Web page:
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UN experts condemn Egypt's rights record ahead of COP27

Alex Berry
October 7, 2022

Egypt's mistreatment of activists may cast a shadow over the upcoming international climate change conference. A group of UN experts has said future hosts must meet strict human rights criteria.

An Egyptian police officer at the entrance of the Tora prison on the southern outskirts of the Egyptian capital Cairo
Arrests and detentions have created a climate of fear for Egyptian civil society group, UN experts saidImage: Khaled Desouki/AFP

A group of five UN experts has expressed concern over the treatment of human rights and civil society activists by Egyptian authorities in the run-up to the COP27 summit to be held in Sharm el-Sheikh in November.

A statement released by the Office of the High Commissioner on Human Rights on behalf of the group on Friday said a new wave of repression was undermining the right to participate in public affairs.

"Arrests and detention, NGO asset freezes and dissolutions and travel restrictions against human rights defenders have created a climate of fear for Egyptian civil society organizations to engage visibly at the COP27," the group of UN special rapporteurs said.

What is Egypt doing to hinder activists?

The statement pointed to Egypt's record of crackdowns on civil society, including the "harassment, intimidation and reprisals" some groups have experienced after working with the UN.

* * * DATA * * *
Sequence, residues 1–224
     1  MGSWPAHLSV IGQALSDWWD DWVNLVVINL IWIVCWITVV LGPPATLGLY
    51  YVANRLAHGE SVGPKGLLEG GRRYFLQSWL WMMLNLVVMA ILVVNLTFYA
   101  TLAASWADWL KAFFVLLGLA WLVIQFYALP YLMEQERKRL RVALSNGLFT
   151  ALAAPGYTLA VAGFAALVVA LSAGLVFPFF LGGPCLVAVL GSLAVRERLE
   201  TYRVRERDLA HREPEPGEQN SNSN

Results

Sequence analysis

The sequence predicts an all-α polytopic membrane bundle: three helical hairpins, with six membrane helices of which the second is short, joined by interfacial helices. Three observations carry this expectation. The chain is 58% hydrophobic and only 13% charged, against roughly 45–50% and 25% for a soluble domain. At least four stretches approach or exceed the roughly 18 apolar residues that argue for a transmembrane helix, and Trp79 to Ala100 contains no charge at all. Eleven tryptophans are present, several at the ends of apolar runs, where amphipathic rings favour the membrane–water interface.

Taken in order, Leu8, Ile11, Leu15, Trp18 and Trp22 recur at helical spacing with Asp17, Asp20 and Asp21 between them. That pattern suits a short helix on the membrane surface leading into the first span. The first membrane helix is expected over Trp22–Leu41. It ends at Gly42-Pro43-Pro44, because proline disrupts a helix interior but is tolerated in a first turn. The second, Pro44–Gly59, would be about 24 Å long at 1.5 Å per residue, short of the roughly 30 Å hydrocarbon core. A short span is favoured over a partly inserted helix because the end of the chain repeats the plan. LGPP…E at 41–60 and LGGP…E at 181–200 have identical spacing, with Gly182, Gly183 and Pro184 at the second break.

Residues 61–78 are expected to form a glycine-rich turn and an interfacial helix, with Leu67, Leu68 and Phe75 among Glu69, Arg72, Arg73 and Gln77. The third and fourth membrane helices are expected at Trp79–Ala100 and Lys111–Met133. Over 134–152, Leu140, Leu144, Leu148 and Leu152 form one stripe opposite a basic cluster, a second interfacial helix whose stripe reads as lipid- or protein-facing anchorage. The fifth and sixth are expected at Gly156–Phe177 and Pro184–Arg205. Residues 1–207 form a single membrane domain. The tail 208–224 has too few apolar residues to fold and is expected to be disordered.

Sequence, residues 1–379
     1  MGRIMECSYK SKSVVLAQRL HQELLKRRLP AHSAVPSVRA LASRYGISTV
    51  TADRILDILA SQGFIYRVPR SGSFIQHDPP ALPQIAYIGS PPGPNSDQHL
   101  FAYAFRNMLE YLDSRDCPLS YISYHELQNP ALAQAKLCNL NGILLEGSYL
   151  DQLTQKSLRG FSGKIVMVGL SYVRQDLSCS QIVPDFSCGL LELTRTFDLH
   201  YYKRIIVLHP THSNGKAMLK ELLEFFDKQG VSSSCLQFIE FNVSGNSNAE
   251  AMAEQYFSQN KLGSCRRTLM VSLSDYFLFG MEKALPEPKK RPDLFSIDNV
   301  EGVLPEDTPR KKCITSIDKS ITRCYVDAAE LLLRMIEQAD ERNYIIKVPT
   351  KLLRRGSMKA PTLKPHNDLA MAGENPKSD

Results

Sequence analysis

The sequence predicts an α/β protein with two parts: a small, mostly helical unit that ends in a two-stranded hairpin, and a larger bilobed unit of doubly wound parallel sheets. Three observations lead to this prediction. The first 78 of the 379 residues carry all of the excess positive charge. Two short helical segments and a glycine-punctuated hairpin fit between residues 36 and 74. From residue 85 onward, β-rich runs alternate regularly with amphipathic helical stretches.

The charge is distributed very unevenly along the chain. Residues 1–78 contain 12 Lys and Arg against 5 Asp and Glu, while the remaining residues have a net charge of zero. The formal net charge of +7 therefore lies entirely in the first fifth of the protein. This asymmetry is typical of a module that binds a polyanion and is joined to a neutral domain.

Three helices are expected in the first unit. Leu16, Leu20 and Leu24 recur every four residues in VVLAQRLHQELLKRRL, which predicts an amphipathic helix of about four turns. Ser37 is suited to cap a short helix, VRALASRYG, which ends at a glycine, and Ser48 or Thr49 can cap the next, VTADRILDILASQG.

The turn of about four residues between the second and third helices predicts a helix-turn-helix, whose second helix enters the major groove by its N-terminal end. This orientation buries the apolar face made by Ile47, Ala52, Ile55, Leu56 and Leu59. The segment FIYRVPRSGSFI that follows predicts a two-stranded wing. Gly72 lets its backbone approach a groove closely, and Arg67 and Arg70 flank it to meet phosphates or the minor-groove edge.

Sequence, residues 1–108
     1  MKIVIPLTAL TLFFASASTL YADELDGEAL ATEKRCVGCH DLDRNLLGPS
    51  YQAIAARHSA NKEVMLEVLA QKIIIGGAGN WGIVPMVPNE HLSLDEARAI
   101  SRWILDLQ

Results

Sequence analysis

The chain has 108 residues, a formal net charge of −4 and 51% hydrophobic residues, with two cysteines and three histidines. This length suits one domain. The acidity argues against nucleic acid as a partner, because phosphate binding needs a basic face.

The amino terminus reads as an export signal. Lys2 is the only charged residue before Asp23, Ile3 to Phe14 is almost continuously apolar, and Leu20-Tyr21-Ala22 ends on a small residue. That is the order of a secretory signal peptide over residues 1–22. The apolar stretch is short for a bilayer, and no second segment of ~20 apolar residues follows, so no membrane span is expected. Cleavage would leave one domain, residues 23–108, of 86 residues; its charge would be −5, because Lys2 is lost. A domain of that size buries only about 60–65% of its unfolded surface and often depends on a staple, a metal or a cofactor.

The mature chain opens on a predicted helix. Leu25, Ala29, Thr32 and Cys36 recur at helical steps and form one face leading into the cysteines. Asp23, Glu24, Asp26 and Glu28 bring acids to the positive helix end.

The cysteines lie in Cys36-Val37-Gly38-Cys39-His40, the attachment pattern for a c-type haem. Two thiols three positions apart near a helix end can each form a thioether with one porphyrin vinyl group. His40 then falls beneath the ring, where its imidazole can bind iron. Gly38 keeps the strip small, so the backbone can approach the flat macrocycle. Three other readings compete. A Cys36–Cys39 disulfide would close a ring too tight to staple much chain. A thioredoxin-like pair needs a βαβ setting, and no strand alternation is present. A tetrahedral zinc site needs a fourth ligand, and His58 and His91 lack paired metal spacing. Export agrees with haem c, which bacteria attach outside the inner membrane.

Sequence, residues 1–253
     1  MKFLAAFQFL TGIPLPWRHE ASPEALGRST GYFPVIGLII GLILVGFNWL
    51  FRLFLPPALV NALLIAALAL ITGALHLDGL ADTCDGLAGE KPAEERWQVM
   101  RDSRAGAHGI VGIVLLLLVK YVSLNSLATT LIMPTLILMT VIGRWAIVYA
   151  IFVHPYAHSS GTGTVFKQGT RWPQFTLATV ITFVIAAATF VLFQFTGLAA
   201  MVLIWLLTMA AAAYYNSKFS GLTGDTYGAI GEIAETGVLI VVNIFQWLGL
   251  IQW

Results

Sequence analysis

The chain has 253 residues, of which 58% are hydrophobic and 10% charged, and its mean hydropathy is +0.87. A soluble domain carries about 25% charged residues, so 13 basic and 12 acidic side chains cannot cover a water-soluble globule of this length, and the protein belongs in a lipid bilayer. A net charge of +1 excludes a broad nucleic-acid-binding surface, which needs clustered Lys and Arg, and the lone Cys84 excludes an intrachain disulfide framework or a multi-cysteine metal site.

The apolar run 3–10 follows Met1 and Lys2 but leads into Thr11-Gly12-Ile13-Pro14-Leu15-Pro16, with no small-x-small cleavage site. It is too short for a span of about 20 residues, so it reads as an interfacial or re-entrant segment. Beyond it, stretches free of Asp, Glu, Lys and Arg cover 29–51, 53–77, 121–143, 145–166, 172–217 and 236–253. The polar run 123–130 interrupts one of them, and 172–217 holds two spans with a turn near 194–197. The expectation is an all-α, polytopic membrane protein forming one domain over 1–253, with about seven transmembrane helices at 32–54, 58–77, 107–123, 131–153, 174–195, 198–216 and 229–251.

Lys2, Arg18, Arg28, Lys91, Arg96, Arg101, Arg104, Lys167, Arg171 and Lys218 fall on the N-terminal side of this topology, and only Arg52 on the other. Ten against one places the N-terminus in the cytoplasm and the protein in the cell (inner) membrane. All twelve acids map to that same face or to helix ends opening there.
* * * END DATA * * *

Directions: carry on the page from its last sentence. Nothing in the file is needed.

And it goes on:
The UN experts said they were concerned about a series of tools they say are being used to try and minimize the amount of participation, and criticism, from activists at the COP27 summit.

The statement cited a "lack of information and transparent accreditation criteria for Egyptian NGOs, a coordinated increase in hotel room rates," and "undue restrictions to freedom of peaceful assembly outside the COP27 venue," as well as "unjustified delays in the provision of visas to those traveling from abroad were the main concerns for civil society activists."

Egypt is in the same league as countries such as Turkey and China when it comes to arresting journalists. Human Rights Watch estimated that some 60,000 people were being detained as political prisoners in Egypt in 2019.

The Egyptian Foreign Ministry denied allegations that it was thwarting participation, saying in a statement that the process for accreditation to the conference was governed by UN rules. Cairo has pledged to respect human rights and to include more opposition voices in a national dialogue.

But Amnesty International has spurned the measures as a "shiny coverup."

Human rights body calls for new host selection criteria

"Instead of further limiting their rights, civil society actors and human rights defenders, including those working on climate rights, must be given an opportunity to raise awareness about their views and protection needs," the UN experts wrote in their statement.

"We strongly believe that COP27, organized by the United Nations, should uphold the public's right to participate in the conduct of public affairs, as recognized by Egypt," they added.

Previous summits have seen large-scale protests as activists express their interest in taking concrete steps to avoid the most disastrous levels of warming and biodiversity destruction.

The UN High Commission on Human Rights called on the UN Framework Convention on Climate Change (UNFCCC), which organizes the COP summits, to consider a country's human rights record when next deciding who will host future COPs.

The Associated Press material contributed to this report.

Edited by: Sean Sinico

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